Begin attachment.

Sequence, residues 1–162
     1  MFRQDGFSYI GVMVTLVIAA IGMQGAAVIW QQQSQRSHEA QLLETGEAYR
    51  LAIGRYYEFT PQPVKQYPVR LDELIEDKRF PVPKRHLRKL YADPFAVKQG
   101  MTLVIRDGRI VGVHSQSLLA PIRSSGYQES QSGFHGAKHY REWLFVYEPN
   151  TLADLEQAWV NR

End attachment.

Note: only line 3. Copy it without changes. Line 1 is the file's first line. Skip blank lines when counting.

    51  LAIGRYYEFT PQPVKQYPVR LDELIEDKRF PVPKRHLRKL YADPFAVKQG